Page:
On the first day of virtual learning, Humble ISD servers were reportedly hit with a cyber attack. Elizabeth Fagen, the school district’s superintendent, shared a tweet in response, labeling the instance as a denial-of-service (DoS) attack:
The My Humble server is currently experiencing a cyber attack called denial of service. We are working to isolate and resolve. Zoom, websites, adult emails etc. all working fine. Our extra security for students requires them to go through My Humble. @HumbleISD If on, stay on. 🙂— Liz Celania-Fagen (@ElizabethFagen) August 11, 2020
Accudata cybersecurity partner Palo Alto Networks defines this type of attack as “an attack meant to shut down a machine or network, making it inaccessible to its intended users.” DoS attacks accomplish this by flooding the target with traffic or sending it information that triggers a crash.
In this instance, students were locked out and unable to sign in to Humble ISD’s My Humble platform. Many parents replied to Fagen expressing their concerns and questioning if the district was even prepared:
You were wholly unprepared for this. My online 9th grader is about to be “tutored” for all pre-ap. Why are you punishing the kids who chose online ?— The Kate B (@beastiechild1) August 11, 2020
Please let us know when this is resolved! My child can’t sign in!!!— Selene Cerda (@selcer1130) August 11, 2020
I suppose there is no Denial of Service Response plan?— Joe Hellsten (@SQLTex) August 11, 2020
Why wasn’t this tested. You all knew how the AP exam went technology wise...— Tanya Sorensen (@Tsorengrist) August 11, 2020
We asked a leader within our Risk and Compliance team, Josh Berry, for his thoughts on the attack. Feedback received tells that this may not have been an attack at all. Instead, Humble ISD may have been operating within a network not suitable for a surge in users as virtual learning creates.
What were your immediate thoughts upon hearing about the Humble ISD cyber attack on their first day of virtual learning for the school year?
Given the limited resources of most school systems, I wouldn’t immediately assume it was a cyber attack. DoS attacks aren’t very technical in nature and often just rely on sending a large volume of requests to a server such that the server or network devices in between cannot keep up with the traffic. This may have been an attack but could also easily be a student disrupting the network or a lack of adequate/redundant systems.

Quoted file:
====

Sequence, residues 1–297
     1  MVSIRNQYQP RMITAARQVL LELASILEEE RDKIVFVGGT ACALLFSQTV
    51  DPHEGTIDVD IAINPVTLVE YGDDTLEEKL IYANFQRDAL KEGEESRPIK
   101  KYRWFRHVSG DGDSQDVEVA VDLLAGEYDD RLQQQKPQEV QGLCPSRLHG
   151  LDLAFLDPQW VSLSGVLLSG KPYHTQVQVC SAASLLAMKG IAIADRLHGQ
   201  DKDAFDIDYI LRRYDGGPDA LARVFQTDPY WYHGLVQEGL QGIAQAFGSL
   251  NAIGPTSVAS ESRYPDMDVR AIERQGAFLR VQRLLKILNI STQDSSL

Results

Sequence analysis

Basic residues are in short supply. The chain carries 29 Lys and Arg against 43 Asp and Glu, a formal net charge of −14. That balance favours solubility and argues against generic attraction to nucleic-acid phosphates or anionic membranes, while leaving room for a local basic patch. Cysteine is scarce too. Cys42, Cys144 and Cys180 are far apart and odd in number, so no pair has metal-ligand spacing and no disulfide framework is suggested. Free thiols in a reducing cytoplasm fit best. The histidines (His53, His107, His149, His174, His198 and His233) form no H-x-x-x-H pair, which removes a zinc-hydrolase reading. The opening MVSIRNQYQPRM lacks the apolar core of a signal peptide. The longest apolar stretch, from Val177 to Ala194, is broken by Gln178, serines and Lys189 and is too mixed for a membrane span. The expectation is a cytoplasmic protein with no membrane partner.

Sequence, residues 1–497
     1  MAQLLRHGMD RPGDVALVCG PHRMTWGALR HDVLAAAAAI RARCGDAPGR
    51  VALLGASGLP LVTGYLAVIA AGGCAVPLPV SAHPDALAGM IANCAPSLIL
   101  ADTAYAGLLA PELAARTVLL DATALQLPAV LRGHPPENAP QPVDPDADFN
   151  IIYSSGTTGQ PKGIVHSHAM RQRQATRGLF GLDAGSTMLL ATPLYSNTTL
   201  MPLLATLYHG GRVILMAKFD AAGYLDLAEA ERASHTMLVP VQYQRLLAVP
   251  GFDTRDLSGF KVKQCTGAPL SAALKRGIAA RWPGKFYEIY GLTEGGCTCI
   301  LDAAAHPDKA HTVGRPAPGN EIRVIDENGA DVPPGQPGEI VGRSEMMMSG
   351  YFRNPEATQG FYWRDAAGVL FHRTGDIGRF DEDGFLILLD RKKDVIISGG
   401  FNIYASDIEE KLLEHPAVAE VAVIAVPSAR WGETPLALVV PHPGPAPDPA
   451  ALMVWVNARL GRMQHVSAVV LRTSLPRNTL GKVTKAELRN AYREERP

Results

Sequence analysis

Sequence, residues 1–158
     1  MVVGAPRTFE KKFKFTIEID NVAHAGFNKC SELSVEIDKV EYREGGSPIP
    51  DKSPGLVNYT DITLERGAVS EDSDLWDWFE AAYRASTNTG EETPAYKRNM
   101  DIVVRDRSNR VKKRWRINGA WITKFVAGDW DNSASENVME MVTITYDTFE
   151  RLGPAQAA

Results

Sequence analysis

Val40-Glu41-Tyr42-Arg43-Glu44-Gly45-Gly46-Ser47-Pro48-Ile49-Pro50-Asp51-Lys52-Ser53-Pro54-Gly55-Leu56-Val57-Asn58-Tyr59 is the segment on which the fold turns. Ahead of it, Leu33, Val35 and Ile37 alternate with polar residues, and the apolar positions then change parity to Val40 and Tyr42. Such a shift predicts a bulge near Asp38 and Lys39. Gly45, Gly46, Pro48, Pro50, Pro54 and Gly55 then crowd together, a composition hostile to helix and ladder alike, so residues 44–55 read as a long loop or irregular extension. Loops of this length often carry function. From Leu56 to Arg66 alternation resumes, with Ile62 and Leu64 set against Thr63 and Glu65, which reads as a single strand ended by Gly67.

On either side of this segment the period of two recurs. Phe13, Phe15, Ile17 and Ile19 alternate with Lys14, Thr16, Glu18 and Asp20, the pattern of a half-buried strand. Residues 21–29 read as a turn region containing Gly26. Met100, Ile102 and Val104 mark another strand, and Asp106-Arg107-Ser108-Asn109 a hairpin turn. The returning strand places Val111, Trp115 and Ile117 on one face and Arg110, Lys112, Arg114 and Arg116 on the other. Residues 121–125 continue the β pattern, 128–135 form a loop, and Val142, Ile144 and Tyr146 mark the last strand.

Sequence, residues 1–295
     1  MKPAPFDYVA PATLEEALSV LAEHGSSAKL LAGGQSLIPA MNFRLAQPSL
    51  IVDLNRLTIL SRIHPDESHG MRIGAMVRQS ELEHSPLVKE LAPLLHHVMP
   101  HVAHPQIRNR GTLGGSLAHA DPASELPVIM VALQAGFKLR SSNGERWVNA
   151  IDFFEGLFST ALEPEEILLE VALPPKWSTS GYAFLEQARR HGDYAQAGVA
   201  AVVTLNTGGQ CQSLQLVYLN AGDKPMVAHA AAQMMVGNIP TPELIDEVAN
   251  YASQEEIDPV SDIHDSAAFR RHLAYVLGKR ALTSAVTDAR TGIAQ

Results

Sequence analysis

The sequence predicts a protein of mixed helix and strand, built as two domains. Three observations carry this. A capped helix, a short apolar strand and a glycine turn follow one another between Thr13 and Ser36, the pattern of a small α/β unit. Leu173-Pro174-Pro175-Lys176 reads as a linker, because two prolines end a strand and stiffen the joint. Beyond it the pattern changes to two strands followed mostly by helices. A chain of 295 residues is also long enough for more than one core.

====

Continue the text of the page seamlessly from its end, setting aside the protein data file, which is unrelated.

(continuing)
How do you think this type of attack could have been prevented?
This attack really can’t be prevented, but the likeliness could be reduced by implementing redundant, clustered, load-balanced systems that spread the requests. A service like Cloudflare can be used for web-related systems to further limit the impact of a DoS/DDoS attack. Load testing should also be performed to ensure the system can handle more than the maximum peak load.
What should other school districts or big organizations learn from this incident?
I’m not sure there is a whole lot to learn. This type of attack is performed pretty regularly and has been common for a very long time. There wasn’t anything really unique about it, nor was it particularly large in scale compared to some of the other ones that have made the news. The most unique thing is that since many schools are all or primarily virtual right now during COVID-19, it could have a greater impact on the school system’s ability to deliver quality education (quality is already difficult in an online format), as these attacks are easy to accomplish and students might be tempted to try to delay/disrupt school using this technique.
The Humble ISD incident hit close to home due to its nearby location, but school districts nationwide have been facing cyber attacks and server issues caused by the increased volume of users attempting to access. No matter the case, plans should be in place to quickly repair the situation to reduce downtime and continue productivity.
It’s impossible to eliminate cyber risk, but Accudata has made it a priority to help clients reduce their known risks. Our security and compliance consultants are certified to reduce risk and exposure to protect company assets from cyber threats. For more information on our cybersecurity services, visit http://accudatasystems.com/secure.